Co-production in Public Safety and Elderly Care: Empirical evidence from the US and Denmark

Pictured above: Kalvin tér Metro station, Budapest, October 15, 2015.

Day Two of the conference on Public Service Innovation and the Delivery of Effective Public Services at the National University of Public Service in Budapest (15-16 Oct 2015).

In the Plenary on Oct 15 Stephen Osborne provided an insightful conceptual framework for the study of co-production in Service Delivery (see my last post). In the Paper Sessions throughout the conference several researchers presented concrete empirical evidence on what co-production actually is and what its antecedents are.

Metro_70iesMetro station Nagyvárad tér, where the University is located next to; October 14, 2015.

In their paper Megan LePere-Schloop, Brian N. Williams from the University of Georgia in Athens, GA, and their co-authors are studying co-production of safety and security in the residential campus environment of their university.

It’s a quantitative paper. The relevance of the topic requires no long explanation: Since 2013 there have been two dozen campus mass shootings in the US. So the implicit rational behind including students in creating safety and security on the campus, is not to cut costs but to improve effectiveness of service delivery. It is not that easy: In Athens, where UGA is located in, there is an elected sheriff, a chief of policy elected by the local council, and campus police. The resulting overlap of competencies adds a level of complexity.

Using survey data from 1130 undergraduate UGA students Megan and co-authors investigate the determinants of students’ role perceptions in co-production. Using (ordered) probit models they find that civic engagement and the perception of hometown police positively impact student’s role perception. This suggests that co-production becomes difficult when negative perceptions are transferred to the campus environment.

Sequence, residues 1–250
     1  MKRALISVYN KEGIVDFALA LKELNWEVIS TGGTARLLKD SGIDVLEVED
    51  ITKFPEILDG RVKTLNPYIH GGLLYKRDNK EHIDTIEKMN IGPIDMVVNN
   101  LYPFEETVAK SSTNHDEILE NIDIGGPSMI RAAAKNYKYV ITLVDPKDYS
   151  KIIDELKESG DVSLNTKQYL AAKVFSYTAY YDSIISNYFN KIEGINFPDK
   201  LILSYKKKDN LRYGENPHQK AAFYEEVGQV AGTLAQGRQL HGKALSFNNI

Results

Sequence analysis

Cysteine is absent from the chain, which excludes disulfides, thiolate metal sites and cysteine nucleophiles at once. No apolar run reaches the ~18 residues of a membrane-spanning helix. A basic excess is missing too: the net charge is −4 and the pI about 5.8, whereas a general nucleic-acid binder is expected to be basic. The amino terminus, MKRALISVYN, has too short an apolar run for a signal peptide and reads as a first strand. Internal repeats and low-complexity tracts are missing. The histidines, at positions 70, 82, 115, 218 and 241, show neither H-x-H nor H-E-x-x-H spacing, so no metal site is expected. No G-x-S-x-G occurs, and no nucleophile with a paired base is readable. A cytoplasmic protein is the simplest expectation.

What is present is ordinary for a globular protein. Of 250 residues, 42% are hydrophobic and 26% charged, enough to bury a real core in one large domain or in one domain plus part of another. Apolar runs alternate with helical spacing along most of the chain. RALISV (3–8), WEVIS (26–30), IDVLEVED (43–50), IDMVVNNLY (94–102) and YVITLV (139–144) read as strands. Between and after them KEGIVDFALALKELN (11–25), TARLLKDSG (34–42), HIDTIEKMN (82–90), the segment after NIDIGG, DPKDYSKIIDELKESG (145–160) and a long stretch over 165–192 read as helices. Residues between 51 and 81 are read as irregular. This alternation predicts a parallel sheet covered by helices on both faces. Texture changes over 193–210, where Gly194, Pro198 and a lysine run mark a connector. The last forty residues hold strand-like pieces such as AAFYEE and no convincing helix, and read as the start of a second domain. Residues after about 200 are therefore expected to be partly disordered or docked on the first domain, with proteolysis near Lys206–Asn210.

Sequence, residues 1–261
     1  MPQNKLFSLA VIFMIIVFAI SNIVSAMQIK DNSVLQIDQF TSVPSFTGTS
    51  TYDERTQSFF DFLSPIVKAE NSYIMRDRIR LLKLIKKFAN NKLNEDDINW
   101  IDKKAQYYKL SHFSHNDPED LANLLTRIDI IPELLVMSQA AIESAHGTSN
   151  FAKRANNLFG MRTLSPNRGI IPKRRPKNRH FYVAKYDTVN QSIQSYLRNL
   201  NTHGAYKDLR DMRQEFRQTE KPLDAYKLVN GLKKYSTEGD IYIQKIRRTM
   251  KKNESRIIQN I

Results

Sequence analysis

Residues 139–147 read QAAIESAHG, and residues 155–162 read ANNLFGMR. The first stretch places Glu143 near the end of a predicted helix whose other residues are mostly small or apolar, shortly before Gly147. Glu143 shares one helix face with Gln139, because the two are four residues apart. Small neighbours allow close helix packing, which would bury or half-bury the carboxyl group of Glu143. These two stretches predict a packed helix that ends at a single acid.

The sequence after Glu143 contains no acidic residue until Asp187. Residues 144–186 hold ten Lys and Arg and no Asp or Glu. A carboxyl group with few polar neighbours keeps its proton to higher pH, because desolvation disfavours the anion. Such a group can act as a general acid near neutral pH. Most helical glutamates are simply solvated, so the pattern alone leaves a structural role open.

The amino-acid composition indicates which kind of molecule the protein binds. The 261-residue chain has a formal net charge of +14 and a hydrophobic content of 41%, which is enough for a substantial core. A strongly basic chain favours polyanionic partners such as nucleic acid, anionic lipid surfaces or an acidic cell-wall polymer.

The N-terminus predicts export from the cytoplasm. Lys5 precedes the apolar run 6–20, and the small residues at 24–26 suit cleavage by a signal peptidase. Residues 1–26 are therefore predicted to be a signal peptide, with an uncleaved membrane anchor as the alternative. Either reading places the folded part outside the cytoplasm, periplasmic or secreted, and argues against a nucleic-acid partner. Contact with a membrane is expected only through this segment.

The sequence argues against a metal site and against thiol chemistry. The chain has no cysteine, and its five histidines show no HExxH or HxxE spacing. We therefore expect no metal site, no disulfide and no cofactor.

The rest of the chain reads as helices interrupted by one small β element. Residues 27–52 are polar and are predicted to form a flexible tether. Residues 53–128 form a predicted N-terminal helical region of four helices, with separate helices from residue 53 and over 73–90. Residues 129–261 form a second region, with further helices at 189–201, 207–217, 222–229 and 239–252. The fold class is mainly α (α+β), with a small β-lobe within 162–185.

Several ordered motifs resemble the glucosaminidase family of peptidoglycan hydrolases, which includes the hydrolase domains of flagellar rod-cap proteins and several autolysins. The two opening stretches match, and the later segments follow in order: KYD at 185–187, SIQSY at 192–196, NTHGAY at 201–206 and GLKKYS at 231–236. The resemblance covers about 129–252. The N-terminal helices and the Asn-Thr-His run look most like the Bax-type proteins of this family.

National University of Public Service, October 15, 2015.

Luise Langergaard from Roskilde University in Denmark and her co-author  presented their findings from an innovation project in elderly care in Copenhagen. I like this presentation because I gained helpful insights about the daily life problems and processes in Danish elderly care.

The municipality of Copenhagen initiated a project called Life Quality in Nursing Homes. The intention was to identify best-practices in nursing homes and to spread them across the sector. The project was driven by a shift from the flawed cost-efficiency focused New Public Management approach to a more trust oriented reform that give nursing homes the operational leeway that is required to improve quality of service delivery. So yet another innovation, benchlarning, you name it-project? I don’t think so.

The findings from qualitative interviews in 5 municipal nursing homes in Copenhagen suggest that performance improvement can come at almost cost-free. Resident’s perception of homeliness and self-determination heavily contributes to their level of satisfaction and thus their well-being. One female resident highlighted in an interview that she wants to be “the host in her home”, she just wants to able to invite her family to a cup of tea in the nursing home in a way as she would have done it when she lived on her own. The wish came true easily in this particular case since both the nursing staff and the facility manager supported innovative behavior.

Luise and her co-authors pointed to the changing role of relatives in elderly care in recent years. Relatives became more powerful and are more engaged in taking decisions-nowadays there are more conflicts with relatives which poses an obstacle to innovation and meaningful co-production. Or in the words on George Tsebelis: As the number of potential vetoplayers increases a change in the status quo become less likely.

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